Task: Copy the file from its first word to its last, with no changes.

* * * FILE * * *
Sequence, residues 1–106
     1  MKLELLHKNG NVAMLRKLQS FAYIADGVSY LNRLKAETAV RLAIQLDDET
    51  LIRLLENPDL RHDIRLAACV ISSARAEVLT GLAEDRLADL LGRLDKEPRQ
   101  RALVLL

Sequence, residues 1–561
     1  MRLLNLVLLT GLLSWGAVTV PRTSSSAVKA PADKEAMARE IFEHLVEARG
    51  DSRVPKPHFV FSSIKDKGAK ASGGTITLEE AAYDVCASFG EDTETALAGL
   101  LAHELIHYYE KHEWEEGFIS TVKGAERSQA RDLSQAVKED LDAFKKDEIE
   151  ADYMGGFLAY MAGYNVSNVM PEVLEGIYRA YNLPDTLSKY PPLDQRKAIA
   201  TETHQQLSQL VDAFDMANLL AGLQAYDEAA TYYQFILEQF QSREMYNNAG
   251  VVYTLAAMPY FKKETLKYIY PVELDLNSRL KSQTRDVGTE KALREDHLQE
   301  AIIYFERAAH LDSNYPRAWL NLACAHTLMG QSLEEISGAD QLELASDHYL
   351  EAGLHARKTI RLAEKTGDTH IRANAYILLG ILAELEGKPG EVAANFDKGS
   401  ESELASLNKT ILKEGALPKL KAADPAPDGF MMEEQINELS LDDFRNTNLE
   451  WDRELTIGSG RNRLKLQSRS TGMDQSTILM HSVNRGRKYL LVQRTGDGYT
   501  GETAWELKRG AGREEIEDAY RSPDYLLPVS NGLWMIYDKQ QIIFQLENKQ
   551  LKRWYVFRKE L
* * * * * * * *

Sequence, residues 1–106
     1  MKLELLHKNG NVAMLRKLQS FAYIADGVSY LNRLKAETAV RLAIQLDDET
    51  LIRLLENPDL RHDIRLAACV ISSARAEVLT GLAEDRLADL LGRLDKEPRQ
   101  RALVLL

Sequence, residues 1–561
     1  MRLLNLVLLT GLLSWGAVTV PRTSSSAVKA PADKEAMARE IFEHLVEARG
    51  DSRVPKPHFV FSSIKDKGAK ASGGTITLEE AAYDVCASFG EDTETALAGL
   101  LAHELIHYYE KHEWEEGFIS TVKGAERSQA RDLSQAVKED LDAFKKDEIE
   151  ADYMGGFLAY MAGYNVSNVM PEVLEGIYRA YNLPDTLSKY PPLDQRKAIA
   201  TETHQQLSQL VDAFDMANLL AGLQAYDEAA TYYQFILEQF QSREMYNNAG
   251  VVYTLAAMPY FKKETLKYIY PVELDLNSRL KSQTRDVGTE KALREDHLQE
   301  AIIYFERAAH LDSNYPRAWL NLACAHTLMG QSLEEISGAD QLELASDHYL
   351  EAGLHARKTI RLAEKTGDTH IRANAYILLG ILAELEGKPG EVAANFDKGS
   401  ESELASLNKT ILKEGALPKL KAADPAPDGF MMEEQINELS LDDFRNTNLE
   451  WDRELTIGSG RNRLKLQSRS TGMDQSTILM HSVNRGRKYL LVQRTGDGYT
   501  GETAWELKRG AGREEIEDAY RSPDYLLPVS NGLWMIYDKQ QIIFQLENKQ
   551  LKRWYVFRKE L